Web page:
You may have heard that the Sierra Club has withheld endorsements from candidates who do not oppose the Granite Bridge Pipeline. I opposed the Kinder Morgan Northeast Energy Direct (NED) pipeline that would have come through Southern NH and I oppose the Liberty Utilities pipeline in Keene, Granite Bridge Pipeline from Manchester to Stratham and the Epping LNG tank.



I’m pleased to be endorsed by New Hampshire AFL-CIO.

Margaret “Gretchen” Wittenborg


“45 years in the area is impressive. But most compelling is the cumulative 23 years as a Selectman in a town that has faced complicated issues over her tenure. She's frequently chaired the Board and has been a steady hand. She listens. She has seen and heard everything at the level that means most to the community.

If anyone understands the impact of underfunding state government and the politics at the State level, it is someone with her experience. There is no one else who has it.”

Stephanie A. Scherr


In 2014, the Kinder Morgan Northeast Energy Direct (NED) pipeline was suddenly re-routed through Southern New Hampshire. Fitzwilliam was one of the threatened towns. I knew immediately that I wanted to help organize and help my community. What I didn’t know was what a dedicated public servant Susan Silverman is and how much I would learn from her.

Susan worked full time, was Chair of the Select Board, and still worked tirelessly to learn about our town’s aquifers, wetlands and wells, how the pipeline impact them, and engaging other town officials.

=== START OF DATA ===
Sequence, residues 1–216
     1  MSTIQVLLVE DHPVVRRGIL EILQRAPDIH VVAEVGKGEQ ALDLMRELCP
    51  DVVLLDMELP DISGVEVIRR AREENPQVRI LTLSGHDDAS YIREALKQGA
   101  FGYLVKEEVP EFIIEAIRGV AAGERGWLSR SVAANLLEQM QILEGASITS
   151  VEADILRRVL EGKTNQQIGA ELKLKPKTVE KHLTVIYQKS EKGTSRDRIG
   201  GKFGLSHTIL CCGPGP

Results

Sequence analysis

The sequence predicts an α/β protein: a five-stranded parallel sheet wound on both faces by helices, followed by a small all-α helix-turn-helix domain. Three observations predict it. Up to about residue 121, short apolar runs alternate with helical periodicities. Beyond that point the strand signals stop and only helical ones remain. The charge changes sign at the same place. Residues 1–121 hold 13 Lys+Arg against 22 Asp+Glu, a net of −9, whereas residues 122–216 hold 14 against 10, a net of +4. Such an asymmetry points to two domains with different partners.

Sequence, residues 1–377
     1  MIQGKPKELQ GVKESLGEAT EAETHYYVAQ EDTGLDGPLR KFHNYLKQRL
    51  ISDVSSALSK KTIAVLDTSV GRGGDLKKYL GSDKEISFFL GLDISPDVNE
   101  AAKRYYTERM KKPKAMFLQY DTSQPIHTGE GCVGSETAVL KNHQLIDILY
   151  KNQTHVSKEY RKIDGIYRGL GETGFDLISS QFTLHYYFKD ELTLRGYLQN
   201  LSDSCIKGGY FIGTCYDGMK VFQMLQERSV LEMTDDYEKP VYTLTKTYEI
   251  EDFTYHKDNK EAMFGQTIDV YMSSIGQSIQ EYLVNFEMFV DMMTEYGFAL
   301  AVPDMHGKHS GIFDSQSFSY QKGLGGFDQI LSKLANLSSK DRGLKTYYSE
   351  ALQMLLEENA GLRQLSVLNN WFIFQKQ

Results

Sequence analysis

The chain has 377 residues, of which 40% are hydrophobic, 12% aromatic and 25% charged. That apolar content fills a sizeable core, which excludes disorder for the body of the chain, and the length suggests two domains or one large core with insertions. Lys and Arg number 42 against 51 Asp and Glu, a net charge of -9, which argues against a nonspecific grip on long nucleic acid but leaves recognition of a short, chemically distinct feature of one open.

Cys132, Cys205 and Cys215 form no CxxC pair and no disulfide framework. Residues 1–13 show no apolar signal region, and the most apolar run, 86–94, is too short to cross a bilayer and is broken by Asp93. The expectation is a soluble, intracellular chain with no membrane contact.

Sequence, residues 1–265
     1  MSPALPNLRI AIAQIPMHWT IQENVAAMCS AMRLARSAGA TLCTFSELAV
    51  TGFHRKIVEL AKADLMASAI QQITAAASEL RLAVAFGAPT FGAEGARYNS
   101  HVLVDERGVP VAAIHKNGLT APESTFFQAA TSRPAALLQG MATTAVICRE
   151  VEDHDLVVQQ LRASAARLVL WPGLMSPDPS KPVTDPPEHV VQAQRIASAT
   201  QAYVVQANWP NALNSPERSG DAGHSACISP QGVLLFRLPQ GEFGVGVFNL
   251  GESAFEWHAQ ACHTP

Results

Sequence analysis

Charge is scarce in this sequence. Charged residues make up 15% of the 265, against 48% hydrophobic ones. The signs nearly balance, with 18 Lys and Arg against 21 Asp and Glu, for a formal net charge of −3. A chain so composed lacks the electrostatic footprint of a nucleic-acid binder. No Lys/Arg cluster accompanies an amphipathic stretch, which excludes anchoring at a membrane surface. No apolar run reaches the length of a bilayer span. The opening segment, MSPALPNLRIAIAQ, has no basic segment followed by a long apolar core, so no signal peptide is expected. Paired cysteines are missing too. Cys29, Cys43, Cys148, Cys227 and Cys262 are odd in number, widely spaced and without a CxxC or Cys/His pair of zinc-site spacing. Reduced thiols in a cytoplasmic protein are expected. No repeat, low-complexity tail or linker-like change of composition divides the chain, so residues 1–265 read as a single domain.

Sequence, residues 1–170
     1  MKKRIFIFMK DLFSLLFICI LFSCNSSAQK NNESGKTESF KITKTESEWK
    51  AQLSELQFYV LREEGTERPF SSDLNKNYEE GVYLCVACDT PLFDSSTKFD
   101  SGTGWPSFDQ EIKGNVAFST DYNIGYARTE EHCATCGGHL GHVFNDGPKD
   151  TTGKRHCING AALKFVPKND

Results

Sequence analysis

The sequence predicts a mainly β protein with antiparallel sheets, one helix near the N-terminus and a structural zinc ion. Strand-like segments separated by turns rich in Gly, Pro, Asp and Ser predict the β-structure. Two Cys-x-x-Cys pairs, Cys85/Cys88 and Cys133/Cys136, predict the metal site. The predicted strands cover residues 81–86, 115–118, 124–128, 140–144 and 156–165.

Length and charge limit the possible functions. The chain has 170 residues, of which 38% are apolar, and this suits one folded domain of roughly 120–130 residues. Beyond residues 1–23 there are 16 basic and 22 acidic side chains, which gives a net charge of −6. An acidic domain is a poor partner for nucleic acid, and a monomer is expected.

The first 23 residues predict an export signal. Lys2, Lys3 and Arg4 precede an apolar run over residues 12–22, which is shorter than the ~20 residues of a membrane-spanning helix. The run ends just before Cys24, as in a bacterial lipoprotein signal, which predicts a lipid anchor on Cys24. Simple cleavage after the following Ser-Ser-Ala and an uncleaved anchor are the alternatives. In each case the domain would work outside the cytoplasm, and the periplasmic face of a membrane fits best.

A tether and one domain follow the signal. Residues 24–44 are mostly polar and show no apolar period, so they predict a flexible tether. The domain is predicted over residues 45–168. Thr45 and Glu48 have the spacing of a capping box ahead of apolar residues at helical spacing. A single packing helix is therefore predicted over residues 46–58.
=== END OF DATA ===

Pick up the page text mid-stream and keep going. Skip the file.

Susan spoke in front of 500 concerned citizens about water concerns at the Nashua hearing of the Federal Energy Regulatory Commission (FERC). She was a founding member of the NH Municipal Pipeline Coalition, a group of representatives from every impacted town who met weekly, emailed and called incessantly, staying connected, sharing information.

I shared my concerns to Susan about a small town at the end of the pipeline route that was facing one of the worst pollution aspects of the NED pipeline and a Select Board that was not fully informed, due to their distance from other larger towns. A friend from that town and I had been attending their Select Board meetings, sharing information with them. I asked if she would attend and speak with them, one Select Board member to another. She not only came to the meeting to speak, but brought another board member from a town immediately adjacent to theirs. Our collective efforts resulted in that town joining the Municipal Pipeline Coalition.

While Fitzwilliam chose to oppose the pipeline because of its threats to our pristine aquifer, rural community and historic character (some members of the village would have lost their homes), Susan always listened thoughtfully to those who thought we might benefit from it. During those two years, I sat in on many Select Board, Conservation Commission and other meetings. She was always impeccably professional, even under some outlandish situations.

After the pipeline was withdrawn, she got right to work in protecting our town’s surface and ground water. Rick Van de Poll was hired to survey our wetlands and suggested those that might be designated prime. After his research and presentations, the town overwhelmingly voted to designate a group of wetlands as prime.

Four years later, Susan is a friend. I have learned a great deal from her about how New Hampshire government works. She’s knowledgeable, patient, a great resource, has a good sense of humor and is generous with her time.

In the past four years, I have had a fair amount of engagement with many of the State Representatives of New Hampshire. The best of them are dedicated, engaged and good listeners, ready to discuss and consider ideas and collaborate. I consider Susan Silverman to be an excellent candidate to represent Fitzwilliam and Rindge and look forward to voting for her in November and the refreshingly positive change she will bring to the New Hampshire State House.”

Keene Sentinel Letter to the Editor